International managers need to be sacked at the first sign of alarm like Chelsea do :ph34r:

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Their boots are made of wood. 

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We have just lost our identify at the moment and have no confidence which again does come from the coach.

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@VanPanna

I've read many opinions from Dutch people concerning a severe lack of 'national identity' and that the Dutch 'wouldn't defend the Netherlands during an foreign invasion'. Do you think this sort of mentality could be detrimental to players' commitment and passion for the national team? 

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van Persie, Robben & Sneijder are old now meaning the previous generation where the team could actually compete with the best are basically done now and they don't have talented enough players ready to step up.

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xD

 

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They aren't good enough to be a major threat to the titles but still should be qualifying.

 

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Going through a period of transition where they've lost so many icons in the team and they've not been able to be replaced. Second rate players aren't doing enough but despite not qualifying for next years world cup, I think they're on an slow upward curve and getting some decent players back in their side. They were worse in the last couple or years than they are now.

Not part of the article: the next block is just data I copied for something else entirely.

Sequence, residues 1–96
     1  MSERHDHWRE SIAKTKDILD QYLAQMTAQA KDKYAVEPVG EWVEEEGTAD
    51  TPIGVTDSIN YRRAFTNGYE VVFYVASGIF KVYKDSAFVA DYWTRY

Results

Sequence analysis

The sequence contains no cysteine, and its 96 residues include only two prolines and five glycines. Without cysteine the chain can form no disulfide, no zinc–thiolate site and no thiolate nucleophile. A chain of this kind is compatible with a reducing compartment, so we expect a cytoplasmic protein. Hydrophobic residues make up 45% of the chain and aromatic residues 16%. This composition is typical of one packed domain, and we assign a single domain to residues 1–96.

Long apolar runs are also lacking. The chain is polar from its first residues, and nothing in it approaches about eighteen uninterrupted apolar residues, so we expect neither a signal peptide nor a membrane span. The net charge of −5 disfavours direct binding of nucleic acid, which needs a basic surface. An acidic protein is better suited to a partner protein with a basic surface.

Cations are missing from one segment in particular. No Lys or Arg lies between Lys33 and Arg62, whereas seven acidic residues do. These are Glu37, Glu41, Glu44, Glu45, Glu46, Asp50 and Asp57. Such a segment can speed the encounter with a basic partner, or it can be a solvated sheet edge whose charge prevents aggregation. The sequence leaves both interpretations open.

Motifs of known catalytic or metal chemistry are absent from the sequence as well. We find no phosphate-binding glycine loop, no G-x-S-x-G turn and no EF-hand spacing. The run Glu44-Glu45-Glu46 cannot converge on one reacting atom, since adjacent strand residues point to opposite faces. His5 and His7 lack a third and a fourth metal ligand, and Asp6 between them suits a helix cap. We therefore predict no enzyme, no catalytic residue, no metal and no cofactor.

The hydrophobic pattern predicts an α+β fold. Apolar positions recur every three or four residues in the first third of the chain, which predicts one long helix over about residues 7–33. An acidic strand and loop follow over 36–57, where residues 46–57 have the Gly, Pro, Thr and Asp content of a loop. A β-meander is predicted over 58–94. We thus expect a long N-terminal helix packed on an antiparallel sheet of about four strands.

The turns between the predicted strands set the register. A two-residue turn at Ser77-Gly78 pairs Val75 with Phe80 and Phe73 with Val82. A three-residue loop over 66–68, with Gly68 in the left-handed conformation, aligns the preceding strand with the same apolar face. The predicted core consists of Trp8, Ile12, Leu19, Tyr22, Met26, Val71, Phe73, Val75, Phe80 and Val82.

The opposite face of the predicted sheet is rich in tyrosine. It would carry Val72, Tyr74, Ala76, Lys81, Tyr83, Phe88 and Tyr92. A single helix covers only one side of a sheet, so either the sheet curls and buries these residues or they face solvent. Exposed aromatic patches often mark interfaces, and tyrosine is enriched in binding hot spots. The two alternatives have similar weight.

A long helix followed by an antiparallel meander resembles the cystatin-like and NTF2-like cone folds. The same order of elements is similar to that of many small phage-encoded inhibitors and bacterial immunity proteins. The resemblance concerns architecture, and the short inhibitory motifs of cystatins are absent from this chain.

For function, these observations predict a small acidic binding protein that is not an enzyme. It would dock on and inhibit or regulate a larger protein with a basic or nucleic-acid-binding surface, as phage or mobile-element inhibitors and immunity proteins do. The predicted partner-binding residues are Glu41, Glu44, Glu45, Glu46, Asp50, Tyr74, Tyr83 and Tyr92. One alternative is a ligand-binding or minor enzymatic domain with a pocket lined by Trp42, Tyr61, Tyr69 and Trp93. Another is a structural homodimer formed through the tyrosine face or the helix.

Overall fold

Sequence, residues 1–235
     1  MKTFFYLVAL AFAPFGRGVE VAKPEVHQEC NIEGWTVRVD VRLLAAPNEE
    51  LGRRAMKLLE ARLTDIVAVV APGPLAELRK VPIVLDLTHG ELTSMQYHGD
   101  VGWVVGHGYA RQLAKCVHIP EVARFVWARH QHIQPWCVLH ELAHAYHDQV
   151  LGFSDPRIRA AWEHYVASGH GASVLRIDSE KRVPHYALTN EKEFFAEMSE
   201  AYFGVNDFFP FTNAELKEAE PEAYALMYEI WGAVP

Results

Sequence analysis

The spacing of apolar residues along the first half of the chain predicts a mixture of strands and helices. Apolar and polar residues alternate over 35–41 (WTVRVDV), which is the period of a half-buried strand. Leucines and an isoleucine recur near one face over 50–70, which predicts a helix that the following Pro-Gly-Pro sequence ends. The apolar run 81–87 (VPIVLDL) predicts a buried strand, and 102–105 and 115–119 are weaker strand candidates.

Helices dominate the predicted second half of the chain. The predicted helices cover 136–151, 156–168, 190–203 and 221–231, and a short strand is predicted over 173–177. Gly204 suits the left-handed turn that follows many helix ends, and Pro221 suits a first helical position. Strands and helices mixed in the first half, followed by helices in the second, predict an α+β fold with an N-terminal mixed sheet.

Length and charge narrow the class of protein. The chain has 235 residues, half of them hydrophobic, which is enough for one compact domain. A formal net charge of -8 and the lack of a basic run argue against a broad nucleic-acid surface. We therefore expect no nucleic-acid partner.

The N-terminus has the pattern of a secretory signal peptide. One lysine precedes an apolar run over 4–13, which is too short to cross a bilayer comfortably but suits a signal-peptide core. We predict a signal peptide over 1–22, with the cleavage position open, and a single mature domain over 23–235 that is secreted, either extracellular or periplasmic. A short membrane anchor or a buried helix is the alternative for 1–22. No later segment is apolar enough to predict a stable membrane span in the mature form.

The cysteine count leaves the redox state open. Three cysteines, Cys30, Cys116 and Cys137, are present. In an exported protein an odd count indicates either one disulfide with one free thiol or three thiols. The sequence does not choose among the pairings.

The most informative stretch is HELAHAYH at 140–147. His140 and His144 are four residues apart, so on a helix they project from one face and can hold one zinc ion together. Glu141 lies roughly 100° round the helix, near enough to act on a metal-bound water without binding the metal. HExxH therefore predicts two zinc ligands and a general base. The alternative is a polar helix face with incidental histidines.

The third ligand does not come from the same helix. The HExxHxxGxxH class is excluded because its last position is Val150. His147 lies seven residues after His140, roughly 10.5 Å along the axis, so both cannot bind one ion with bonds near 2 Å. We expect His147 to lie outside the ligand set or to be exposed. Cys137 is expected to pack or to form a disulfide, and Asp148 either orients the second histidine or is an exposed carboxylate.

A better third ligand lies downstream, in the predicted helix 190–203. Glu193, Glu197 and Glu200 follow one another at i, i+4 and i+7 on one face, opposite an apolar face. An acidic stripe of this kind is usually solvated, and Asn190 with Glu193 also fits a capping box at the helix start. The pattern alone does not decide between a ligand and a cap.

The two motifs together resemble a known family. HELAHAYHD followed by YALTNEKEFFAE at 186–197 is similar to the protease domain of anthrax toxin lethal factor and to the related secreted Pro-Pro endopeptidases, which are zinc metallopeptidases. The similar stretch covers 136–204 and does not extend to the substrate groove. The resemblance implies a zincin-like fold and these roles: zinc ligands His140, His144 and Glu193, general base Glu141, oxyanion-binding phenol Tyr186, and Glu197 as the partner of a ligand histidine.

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1 hour ago, Stan said:

Going through a period of transition where they've lost so many icons in the team and they've not been able to be replaced. Second rate players aren't doing enough but despite not qualifying for next years world cup, I think they're on an slow upward curve and getting some decent players back in their side. They were worse in the last couple or years than they are now. 

Even the players they have should qualify ahead of Sweden tho imo. 

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There are many reasons behind the situation surrounding Holland...  For me it's not always the case of a head coach being to blame and there are other fundamental situations going on especially at club level.  But with Holland a part of the reason was the insistence on Blind as head coach and then the way the KNBV is being run that they couldn't convince any of the better Dutch coaches to take the job!  To bring back Dick Advocaat was ridiculous...  What was he going to offer in terms of something new and modern?